Wednesday, July 15, 2015

Bring Him What You Are

 And he stood up, and immediately took the mat and went out before all of them; so that they were all amazed and glorified God, saying, “We have never seen anything like this!”  -- Mark 2: 12
Great God, I love you.  We have never seen anything like this!  Alleluia.

"Bring him your best.  Give him your best."

These statements, and their variations, I've heard all my life.  These sentiments are true and with pure intentions, I believe; however, this story in Mark 2 of the paralytic being brought or coming to Jesus for healing involves the best being brought.  That's what he brings, a broken, sick body.

Regardless of proper theology or bringing your best, the four who carried him moved heaven and earth to get him to Jesus.  All this has to do with bringing all you are and have to the Lord of all.  They hold nothing back.  

This story and any of the healing stories reflect the same, I believe.  This is what I am, a paralytic, a leper, a blind man, etc., and I come to you, Jesus.  This is who I am, what I am, Jesus.  Only you can make me new.  

Bringing your best should be a lifestyle.  Bringing to Jesus what we have and who we are to the bone is equally as significant.  Its all yours, Lord, and all I am - broken, sick, weak, overwhelmed, strong, well, prosperous, complete.  I spiritually, soulishly and physically give it all to you.  All of it.  Better yet, all I am and have is yours.  I do so in worship and praise.  I give it all for your purposes and glory.

"This morning, I come to you with little money, hearing well from only one ear, with my hands broken out, my right hand is tingling from impediment in circulation, and bearing the scars of a recent staph infection.  Lord, I give you what I am and have for you to heal and restore me.  I come to you to be made whole.  This is all I am, this morning.  Your son is in need.  Heal and restore me, I ask.  I come in faith.  I know there's no one like you."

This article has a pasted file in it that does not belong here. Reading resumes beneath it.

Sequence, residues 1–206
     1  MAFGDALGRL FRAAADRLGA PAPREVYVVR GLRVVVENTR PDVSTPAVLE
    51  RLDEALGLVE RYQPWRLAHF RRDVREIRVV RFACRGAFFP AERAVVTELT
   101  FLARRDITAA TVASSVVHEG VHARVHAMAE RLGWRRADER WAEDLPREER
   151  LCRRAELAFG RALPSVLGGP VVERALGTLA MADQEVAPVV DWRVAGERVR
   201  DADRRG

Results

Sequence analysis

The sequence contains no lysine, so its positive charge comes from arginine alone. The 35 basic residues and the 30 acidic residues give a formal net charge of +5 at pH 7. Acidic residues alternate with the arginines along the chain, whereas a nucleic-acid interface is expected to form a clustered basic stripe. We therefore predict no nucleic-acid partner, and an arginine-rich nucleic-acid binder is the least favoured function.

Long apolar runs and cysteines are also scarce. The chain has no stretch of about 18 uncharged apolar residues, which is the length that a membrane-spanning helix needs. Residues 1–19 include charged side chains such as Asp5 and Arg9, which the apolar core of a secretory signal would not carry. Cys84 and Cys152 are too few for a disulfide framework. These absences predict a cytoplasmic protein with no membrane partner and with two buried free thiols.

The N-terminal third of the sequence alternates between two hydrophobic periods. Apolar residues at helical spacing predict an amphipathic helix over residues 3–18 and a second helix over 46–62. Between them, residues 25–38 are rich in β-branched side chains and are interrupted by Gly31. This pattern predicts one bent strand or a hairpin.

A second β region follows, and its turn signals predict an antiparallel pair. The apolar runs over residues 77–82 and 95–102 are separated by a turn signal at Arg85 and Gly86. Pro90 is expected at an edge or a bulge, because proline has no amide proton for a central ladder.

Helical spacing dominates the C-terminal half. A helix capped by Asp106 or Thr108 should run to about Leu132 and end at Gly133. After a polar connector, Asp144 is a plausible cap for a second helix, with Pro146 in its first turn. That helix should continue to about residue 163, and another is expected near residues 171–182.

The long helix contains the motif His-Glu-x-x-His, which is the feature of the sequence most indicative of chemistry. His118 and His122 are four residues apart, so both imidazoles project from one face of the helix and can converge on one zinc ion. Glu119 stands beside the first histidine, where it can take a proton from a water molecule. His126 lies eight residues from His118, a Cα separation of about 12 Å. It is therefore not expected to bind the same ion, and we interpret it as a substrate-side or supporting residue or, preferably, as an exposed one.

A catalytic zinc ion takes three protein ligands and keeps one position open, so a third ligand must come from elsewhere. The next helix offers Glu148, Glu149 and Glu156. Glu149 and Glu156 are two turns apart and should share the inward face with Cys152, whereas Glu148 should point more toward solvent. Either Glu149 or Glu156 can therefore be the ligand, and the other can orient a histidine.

After praying and writing this prayer yesterday, the prevailing impression that followed was to confess what I am and have.  I confessed out loud in the bedroom, "I am the healed.  I am the prosperous.  I am anointed.  All in light of what Christ has done for all of us."

Reading about the paralyzed being brought or wanting to be brought is real.  Its good to recognize your own need.  Its even better to seek the One who is eager to graciously bless, save and make whole.  Those who seek him find him waiting to forgive like only God can.  Consequently, everything he does graciously for those who seek him is what only God can do.  Alleluia.

What is the best I bring him?  I bring to him what I am.  My religiosity speaks and tells me the Lord doesn't want me to show how incomplete I am, how broken I remain, or sick or weak or poor.  To be fair and accurate, the religious spirit wants me to remain distant and aloof from my Lord.  If I came to Jesus and said, "Help me, only you can do it," that would position me a step closer to an authentic, honest relationship.  This is not what the religious spirit wants.  Such a spirit wants you ashamed of yourself and scared of God.

What is the best I can bring him?  I will bring to him what I am.  I am complete in him (Col. 2: 9, 10a).  I am saved by virtue of what he's done for all of us.  I believe it and have experienced it.  Life breaks me down.  I come to him as I am, not pretending to be perfect but knowing he knows my needs before I ask.  I come to him and ask in faith for restoration.  He is my life and hope.

What is the best I bring him?  I bring him what I am.  My Lord and God, I am yours.  I love and trust you.  I am in you and you in me.  I trust you as the healer and restorer of all good things.  Alleluia!

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